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    Health ministry, partners launch electricity access tracker

    June 7, 2023 - New Vision


      The health ministry and partners have launched an energy access tracking mechanism that is expected to help the Government determine the amount and forms of electricity each health facility in the country requires to ably deliver its services.

      The Geographic Information System (GIS)-based demand assessment methodology will enable planners in the health sector to utilise the power of information technologies to integrate scattered data on the electrification of health facilities.

      Launched by the health ministry and the World Resources Institute (WRI), a global research organisation on Tuesday, the system is also expected to be used to conduct better analysis, modeling, and visualisation of the available electrification options.

      Sitra Mulepo, a senior engineer in the health infrastructure division (MoH), who was one of the architects, said the system helps the ministry not only to understand better the determinants of health facility electricity requirements, but also provide better information for evidence-based planning, strategy, and policy formulation.

      "This methodology offers the ministry an opportunity to analyse energy load profiles against several beds for different facility levels and sizes, available equipment, geographical location, population density, and travel distances to a health facility," he said during the launch of a technical note at Golf Course Hotel in Kampala.

      Mulepo added that the mechanism will also help other players, such as the energy ministry (MERD), plan, highlighting that upon the recent procurement of CT scans and oxygen plants at referral hospitals and Health Centres IV, the electricity provider needs to upgrade the existing transformers, which cannot support the machines.

      Santiago Sinclair-Lecaros, a research associate at WRI, said updated data on electrification of health facilities is scarce, but critical for decision-makers, enabling them to identify opportunities and formulate policies, strategies, plans, and programs.

      "Assessing electricity needs at the facility level is key for evidence-based decision-making and impactful electrification programs. This methodology and its results will provide more inputs towards a data-driven, integrated approach to planning for the expansion of energy services in health care," Lecaros said.

      Lecaros also advised the Government to establish a robust data and analytic foundation as a pillar for effective development interventions and enable more cross-sectoral coordination between stakeholders in health care, energy, and planning.

      Besides the health ministry, other stakeholders include MERD, the local government ministry, and district local governments. ; ;

      Data-driven planning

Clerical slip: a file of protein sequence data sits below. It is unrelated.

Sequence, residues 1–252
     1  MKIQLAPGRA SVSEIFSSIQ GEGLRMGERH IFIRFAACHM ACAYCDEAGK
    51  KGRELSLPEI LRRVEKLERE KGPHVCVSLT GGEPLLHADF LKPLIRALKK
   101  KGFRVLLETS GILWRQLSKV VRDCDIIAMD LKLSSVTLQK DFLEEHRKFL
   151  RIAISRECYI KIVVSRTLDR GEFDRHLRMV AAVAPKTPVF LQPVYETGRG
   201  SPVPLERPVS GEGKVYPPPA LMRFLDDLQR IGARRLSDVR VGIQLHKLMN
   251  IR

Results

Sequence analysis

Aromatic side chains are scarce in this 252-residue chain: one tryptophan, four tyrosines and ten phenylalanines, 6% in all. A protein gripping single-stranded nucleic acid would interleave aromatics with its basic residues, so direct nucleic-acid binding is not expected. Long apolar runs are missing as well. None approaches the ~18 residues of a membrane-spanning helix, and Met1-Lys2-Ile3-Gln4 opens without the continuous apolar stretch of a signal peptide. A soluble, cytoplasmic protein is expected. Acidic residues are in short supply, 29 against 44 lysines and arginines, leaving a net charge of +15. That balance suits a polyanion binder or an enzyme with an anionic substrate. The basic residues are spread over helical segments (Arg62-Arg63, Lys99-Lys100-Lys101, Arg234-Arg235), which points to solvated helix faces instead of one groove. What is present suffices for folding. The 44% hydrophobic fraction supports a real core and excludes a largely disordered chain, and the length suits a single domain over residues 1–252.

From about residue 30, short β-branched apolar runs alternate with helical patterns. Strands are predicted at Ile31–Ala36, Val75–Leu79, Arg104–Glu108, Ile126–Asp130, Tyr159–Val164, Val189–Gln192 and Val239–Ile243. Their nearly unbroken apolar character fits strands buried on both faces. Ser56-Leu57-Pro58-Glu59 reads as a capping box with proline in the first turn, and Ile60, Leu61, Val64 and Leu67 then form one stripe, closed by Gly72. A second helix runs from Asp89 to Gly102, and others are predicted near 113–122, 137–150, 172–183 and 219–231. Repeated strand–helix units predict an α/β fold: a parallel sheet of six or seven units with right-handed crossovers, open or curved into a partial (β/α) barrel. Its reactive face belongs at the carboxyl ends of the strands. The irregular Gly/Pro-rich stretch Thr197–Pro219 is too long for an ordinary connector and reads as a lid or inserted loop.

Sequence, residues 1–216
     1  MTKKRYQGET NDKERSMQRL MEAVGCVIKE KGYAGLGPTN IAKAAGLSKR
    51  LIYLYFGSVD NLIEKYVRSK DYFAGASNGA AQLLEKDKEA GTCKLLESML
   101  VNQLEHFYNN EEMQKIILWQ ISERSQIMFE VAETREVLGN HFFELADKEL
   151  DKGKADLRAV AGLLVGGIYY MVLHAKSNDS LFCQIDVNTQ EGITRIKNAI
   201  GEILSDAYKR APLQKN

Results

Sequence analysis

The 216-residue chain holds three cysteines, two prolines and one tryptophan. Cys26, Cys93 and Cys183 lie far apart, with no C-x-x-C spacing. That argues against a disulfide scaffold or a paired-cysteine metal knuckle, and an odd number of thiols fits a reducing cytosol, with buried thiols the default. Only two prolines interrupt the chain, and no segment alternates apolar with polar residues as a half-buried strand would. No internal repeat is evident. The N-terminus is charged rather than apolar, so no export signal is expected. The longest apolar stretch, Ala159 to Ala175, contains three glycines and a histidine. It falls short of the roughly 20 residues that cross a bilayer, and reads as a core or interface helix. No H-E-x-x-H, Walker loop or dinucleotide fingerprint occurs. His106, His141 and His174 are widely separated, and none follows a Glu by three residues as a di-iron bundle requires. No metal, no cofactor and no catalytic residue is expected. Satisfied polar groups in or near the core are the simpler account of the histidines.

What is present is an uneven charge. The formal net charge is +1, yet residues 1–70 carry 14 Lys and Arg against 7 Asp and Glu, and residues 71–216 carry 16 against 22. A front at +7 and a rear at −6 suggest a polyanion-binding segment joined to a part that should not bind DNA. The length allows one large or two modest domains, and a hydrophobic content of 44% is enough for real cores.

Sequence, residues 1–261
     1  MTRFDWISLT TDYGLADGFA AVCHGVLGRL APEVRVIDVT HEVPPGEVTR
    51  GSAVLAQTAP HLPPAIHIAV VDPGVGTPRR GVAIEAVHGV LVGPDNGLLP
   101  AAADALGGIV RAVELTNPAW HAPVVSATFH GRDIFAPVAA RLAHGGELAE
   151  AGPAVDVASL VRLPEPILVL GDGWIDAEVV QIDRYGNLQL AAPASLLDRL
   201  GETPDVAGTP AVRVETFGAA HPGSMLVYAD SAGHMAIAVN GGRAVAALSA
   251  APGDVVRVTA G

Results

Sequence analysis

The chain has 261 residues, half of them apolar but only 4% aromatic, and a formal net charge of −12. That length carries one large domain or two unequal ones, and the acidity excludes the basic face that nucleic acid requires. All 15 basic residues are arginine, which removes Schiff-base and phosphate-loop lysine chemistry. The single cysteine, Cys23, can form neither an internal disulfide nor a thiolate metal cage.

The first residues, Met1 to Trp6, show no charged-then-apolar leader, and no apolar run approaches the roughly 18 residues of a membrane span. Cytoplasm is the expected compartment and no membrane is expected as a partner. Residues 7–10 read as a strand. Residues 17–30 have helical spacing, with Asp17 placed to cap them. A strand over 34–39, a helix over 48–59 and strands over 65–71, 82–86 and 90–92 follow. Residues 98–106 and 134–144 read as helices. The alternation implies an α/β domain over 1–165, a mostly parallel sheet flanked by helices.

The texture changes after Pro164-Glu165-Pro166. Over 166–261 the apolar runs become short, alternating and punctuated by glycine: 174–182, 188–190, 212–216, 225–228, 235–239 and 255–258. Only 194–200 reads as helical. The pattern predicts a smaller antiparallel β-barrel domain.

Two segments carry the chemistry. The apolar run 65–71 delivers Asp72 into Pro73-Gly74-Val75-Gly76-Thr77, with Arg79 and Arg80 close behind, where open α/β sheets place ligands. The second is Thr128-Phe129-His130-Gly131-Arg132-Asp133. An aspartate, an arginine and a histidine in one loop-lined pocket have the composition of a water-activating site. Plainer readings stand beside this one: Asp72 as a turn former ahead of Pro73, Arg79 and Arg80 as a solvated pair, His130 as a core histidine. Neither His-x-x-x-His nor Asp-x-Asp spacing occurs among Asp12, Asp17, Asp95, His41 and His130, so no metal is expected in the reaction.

Representing director of curative services Dr Olara Charles, commissioner of health infrastructure at the health ministry Eng. George Otim said the health ministry can barely deliver preventive, curative, palliative, and rehabilitative health services to the people without enough electricity.

      Electricity is required to operate equipment used to carry out disease diagnosis, treatment, rehabilitation, and therapy; as well as hospital support services like water supply, space heating and air conditioning, laundry, and sterilisation, oxygen generation, medical waste incineration, ICT services for communication and data management.

      While Uganda's national electrification rate stands at 45%, the rural electrification rate is estimated at 25%. This, Otim said, adversely affects the health sector, because approximately 96% of the healthcare facilities from health centers II to IV are located in rural areas.

      According to the ministry, 6.6% of health centres (HC) IV, 28% (HCs III), and 54.5% (HCs II) are not connected to grid electricity.

      The health ministry is using solar power for facilities where grid electricity is not accessible for lighting, operating essential medical equipment, fridges, computers; and power backups in health facilities.

      "Although government and development partners have over the last 20 years implemented solar electrification projects that have improved access to electricity (for lighting and operation of essential medical equipment) in lower level health facilities, the key challenge was how to determine the energy requirements for the different levels of healthcare amidst limited or lack of well-documented energy sources, utilisation and usage data," Otim said.

      He also called for a continued multi-sectoral approach to ensure coordinated mobilization of resources and capacity building for energy planning and implementation.


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